The 2016 production of Mozart’s Le nozze di Figaro from La Scala had me really puzzled after three acts. There’s nothing to help with the production in either the booklet or on the disk so I went looking on line. According to the Financial Times, Frederic Wake-Walker’s production replaced a much revered version by Girgio Strehler and is a sort of homage to him filled with references to other of his productions.
I just got my hands on the La Scala recording of Mozart’s Lucio Silla. It’s the Marshall Pynkoski production that was done at Salzburg, then La Scala, then in somewhat modified form at Opera Atelier in Toronto, which I saw. It has provoked lots of thoughts about the work itself, how well the OA aesthetic transfers to another house and how seeing a production on video differs from seeing it live.
Season announcements, it seems, are like the King Street streetcar(1). You wait for ages then three come along at once. This time it’s Opera Atelier announcing the 2017/18 season. As ever there are two productions. A remount of Mozart’s The Marriage of Figaro runs October 26th to November 4th. The cast icludes Douglas Williams, making his Opera Atelier debut, in the title role, with Mireille Asselin (Susanna), Stephen Hegedus (Count Almaviva), Peggy Kriha Dye (Countess Almaviva), Mireille Lebel (Cherubino), Laura Pudwell (Marcellina), Gustav Andreassen (Bartolo), Christopher Enns (Basilio/Don Curzio), Olivier Laquerre (Antonio), and Grace Lee (Barbarina). This one will be sung in English.
Patrick Jang, Carla Huhtanen and Phillip Addis in “The Marriage of Figaro” (2010). Photo by Bruce Zinger.
Opera Atelier’s production of Mozart’s Lucio Silla opened last night at the Elgin. This is, more or less, the production that played at the Salzburg Festival and, later, at La Scala to considerable critical acclaim. It’s not hard to see why. It’s much the best thing Opera Atelier has done in a while. It’s more restrained than recent shows and trimmed of excess the familiar approach looks quite fresh again.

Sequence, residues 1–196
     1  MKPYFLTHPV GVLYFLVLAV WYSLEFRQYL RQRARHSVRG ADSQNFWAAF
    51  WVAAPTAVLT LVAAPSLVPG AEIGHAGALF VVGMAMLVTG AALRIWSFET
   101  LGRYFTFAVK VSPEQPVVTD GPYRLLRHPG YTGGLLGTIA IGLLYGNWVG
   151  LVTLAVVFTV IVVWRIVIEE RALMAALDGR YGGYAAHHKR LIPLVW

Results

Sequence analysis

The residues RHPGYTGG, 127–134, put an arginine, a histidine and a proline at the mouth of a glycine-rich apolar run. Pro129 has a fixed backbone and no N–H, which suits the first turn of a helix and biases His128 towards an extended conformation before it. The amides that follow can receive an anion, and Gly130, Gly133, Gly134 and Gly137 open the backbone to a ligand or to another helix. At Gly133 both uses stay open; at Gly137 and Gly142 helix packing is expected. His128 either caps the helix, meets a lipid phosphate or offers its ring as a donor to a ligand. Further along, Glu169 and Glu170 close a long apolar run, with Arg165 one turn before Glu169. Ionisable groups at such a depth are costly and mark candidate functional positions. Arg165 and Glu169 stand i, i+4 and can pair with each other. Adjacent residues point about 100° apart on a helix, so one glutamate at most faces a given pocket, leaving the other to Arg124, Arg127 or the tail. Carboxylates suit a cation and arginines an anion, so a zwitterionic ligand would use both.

Opera Atelier has announced its plans for the 2015/16 season. As seems to have become the norm, the Toronto season will feature one new (to Toronto anyway) production and one remount. The new piece will be Mozart’s little seen Lucio Silla which played at last year’s Salzburg Festival( with a considerably starrier cast) and which is headed for La Scala in a few weeks time. The title role will be sung by Kresimir Spicer, alongside Inga Kalna (Cinna), Mireille Asselin (Celia), Peggy Kriha Dye (Cecillio) and Meghan Lindsay (Giunia). David Fallis and Tafelmusik will be in the pit. There will be six performances as follows; April 7th, 9th, 10th (3:00pm), 12th, 15th, and 16th (4:30pm), 2016 (start times 7:30 pm except where noted). FWIW here’s a review of the Salzburg production.
Artists of Atelier Ballet with image of Meghan Lindsay as Alcina. Photo by Bruce Zinger.
Opera Atelier’s first real venture into Handel is accompanied by some significant shifts in aesthetic coupled with some slightly puzzling throwbacks. The work chosen is Alcina. It’s not Handel’s best known (or, indeed, best) but it’s a perfectly serviceable example of Handel’s Italian works for the London stage. The plot, ultimately from Ariosto’s Orlando Furioso, concerns the sorceress Alcina who has an illusory kingdom made up of the souls of men she has ensnared. Her most recent conquest is the knight Ruggiero. His betrother, Bradamante, disguised as her brother, Ricciardo, shows up with Ruggiero’s former tutor, Melisso. Melisso has a ring which shows things as they are, shorn of illusion. Eventually they use this to return Ruggiero to his duty and Alcina’s kingdom goes up in smoke. Along the way there’s also a sub-plot involving Alcina’s sister, Morgana, who falls in love with Ricciardo to the dismay of her lover Oronte. In the original there’s also a boy looking for his father and a lion but they got cut in Marshalll Pynkoski’s version. In fact there’s probably close to an hour in total cut from Handel’s score.